It has been over a week since the Orlando tragedy, but the horror of the worst mass shooting in United States history is still fresh on the minds of all Americans. It seems that we all agree that some sort of action should be taken, but that is where our unity ends. As a result of differing beliefs and partisan politics, we find ourselves divided over the two main courses of action that have been proposed – banning Muslim immigrants or banning assault weapons.
So, when the split between the liberals and conservatives is so severe, how do we decide on a course of action? As responsible citizens, we must look at the facts.
Option 1: Ban Muslim Immigration
Let’s begin by examining the position held by many leading conservatives, including the presumptive Republican presidential nominee, Donald Trump. As I mentioned in my earlier article, Radical Islam is a Radical Stereotype, Trump’s speech in response to the Orlando shooting made it clear that he intended to bring Muslim immigration to a grinding halt. Muslims wouldn’t be allowed to move here, and they wouldn’t be allowed to visit, period. Trump originally attempted to justify such drastic action back in December by claiming that various online polls, including one from the controversial Center for Security Policy, demonstrated widespread Muslim approval of jihadist terror activity against American citizens. (I would like to point out that many Muslim leaders and Muslim citizens around the world have condemned ISIS activity.)
In order to combat this “widespread Muslim hatred of Americans” and prevent further terrorist attacks, Trump, if elected, plans to place various restrictions on Muslim activity in the United States. In addition to banning any and all foreign Muslims from entering the country, Trump has also suggested that the government should place surveillance on mosques and create a database of all Muslim citizens. I would make another comparison to Hitler’s attitude and actions towards the Jewish population during World War II, but I already covered that in my Radical Islam article. Still, the similarities are easy to see.
Many people agree with Trump on this. Some of his supporters opposed the Muslim presence in America entirely, while others were more concerned with the terror risk that open Muslim immigration presented. Whatever their justifications may have been, the majority of Trump’s supporters made it clear that they had no issue with his proposed ban of Muslim immigration. This ban is not the radical idea of a single man; it is a plan that is supported by millions of Americans, and we must take it seriously.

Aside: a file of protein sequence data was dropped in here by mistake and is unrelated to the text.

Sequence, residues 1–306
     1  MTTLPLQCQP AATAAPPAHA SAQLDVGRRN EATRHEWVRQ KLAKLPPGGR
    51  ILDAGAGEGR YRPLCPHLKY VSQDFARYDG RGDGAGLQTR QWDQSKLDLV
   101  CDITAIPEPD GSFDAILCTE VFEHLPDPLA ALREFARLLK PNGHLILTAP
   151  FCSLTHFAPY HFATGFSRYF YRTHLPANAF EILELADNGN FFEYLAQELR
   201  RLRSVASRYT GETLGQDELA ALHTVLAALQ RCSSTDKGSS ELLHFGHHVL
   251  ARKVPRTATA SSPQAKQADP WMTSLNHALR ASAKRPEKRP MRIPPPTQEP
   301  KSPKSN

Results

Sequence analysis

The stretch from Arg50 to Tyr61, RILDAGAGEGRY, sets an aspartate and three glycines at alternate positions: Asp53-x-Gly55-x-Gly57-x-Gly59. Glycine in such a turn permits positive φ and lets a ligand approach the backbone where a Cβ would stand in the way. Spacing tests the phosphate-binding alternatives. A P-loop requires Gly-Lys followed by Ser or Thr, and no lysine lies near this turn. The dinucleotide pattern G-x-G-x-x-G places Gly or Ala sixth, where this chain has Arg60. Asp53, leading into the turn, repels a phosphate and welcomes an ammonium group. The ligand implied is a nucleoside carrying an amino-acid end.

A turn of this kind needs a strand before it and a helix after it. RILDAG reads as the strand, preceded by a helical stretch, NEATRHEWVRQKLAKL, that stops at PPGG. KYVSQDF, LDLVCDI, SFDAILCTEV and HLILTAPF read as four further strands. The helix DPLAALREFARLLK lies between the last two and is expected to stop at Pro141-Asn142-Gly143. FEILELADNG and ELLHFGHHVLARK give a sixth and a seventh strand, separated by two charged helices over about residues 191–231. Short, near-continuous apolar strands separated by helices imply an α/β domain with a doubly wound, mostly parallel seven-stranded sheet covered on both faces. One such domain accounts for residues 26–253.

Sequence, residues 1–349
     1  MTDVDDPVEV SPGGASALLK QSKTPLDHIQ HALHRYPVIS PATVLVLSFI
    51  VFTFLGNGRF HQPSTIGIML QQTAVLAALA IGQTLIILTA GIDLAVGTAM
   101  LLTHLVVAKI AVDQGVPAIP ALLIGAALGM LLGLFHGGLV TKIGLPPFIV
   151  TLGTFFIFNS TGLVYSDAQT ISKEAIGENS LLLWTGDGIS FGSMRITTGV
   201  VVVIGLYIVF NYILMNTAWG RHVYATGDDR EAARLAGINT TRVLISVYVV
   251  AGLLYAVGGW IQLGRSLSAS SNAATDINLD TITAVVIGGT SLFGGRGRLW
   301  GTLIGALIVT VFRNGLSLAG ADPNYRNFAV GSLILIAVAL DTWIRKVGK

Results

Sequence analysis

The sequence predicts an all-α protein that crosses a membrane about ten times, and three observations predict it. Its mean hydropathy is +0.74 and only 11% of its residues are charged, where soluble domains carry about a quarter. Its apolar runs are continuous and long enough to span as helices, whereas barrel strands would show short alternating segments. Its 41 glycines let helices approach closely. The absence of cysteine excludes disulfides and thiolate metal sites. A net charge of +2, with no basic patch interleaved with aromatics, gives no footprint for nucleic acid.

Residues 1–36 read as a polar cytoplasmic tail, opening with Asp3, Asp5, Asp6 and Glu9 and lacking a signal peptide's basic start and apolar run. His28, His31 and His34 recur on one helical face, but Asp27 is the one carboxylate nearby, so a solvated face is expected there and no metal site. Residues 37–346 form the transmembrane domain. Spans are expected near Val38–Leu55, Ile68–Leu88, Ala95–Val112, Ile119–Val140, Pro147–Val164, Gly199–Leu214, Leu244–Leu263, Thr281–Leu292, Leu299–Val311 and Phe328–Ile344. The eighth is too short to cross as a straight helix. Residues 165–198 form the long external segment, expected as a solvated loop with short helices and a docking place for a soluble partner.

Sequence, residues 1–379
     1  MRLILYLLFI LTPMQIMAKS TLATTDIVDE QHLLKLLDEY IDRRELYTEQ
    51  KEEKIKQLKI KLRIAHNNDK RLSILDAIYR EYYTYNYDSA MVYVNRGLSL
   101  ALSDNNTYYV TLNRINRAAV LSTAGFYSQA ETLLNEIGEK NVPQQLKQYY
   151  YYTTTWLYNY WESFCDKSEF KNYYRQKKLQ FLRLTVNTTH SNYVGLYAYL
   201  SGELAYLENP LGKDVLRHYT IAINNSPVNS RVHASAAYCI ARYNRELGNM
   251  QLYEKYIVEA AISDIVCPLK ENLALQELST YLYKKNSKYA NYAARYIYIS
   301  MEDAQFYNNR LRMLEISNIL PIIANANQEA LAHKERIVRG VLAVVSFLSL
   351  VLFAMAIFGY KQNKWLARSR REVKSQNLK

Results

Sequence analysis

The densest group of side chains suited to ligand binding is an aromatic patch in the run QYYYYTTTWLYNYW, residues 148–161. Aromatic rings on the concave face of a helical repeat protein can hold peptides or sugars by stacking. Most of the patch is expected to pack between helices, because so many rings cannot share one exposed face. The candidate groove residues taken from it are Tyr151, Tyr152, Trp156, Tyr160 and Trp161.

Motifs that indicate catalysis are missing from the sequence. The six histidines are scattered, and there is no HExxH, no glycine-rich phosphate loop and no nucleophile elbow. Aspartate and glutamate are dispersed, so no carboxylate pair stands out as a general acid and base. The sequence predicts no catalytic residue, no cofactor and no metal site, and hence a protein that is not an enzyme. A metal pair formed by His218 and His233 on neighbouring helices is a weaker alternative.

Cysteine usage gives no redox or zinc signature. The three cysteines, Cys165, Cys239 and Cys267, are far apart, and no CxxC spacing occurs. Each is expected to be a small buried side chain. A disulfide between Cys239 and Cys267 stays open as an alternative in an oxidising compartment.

Since Trump’s ban is something that could very well be passed into law, the implications of such an act must be examined. In order to avoid overloading myself and my readers with information, I will be focusing specifically on Syrian immigration. Over the course of the Syrian civil war, almost 5 million Syrians have registered as refugees with the United Nations, with the vast majority escaping to Turkey, Lebanon, and Jordan. Of those 5 million refugees, the United States has taken in only a few thousand since 2011, when the Syrian civil war began. For a country that prides itself on being both religiously tolerant and welcoming to immigrants looking to start a new life, we are doing an incredibly poor job of helping the people we claim to support. Perhaps we only help others not when it is the right thing to do, but when it is convenient for us.
These refugees are not terrorists. They are human beings, and they are doing everything they can to escape a living hell. Tens of thousands – maybe even hundreds of thousands – of people have died in Syria since the civil war began. If we are truly horrified by mass shootings such as the one that took place in Orlando, then we should be more than willing to help these refugees escape a country where gunfire and death have become the norm.
If we as Americans believe that we are living in the greatest country in the world, can we really fault immigrants for wanting to come here for a better life? Would we not do the same if we were in their position? Of course we would. So how can we condemn these people to remain in a country where they are in constant danger, knowing that we do so solely out of fear?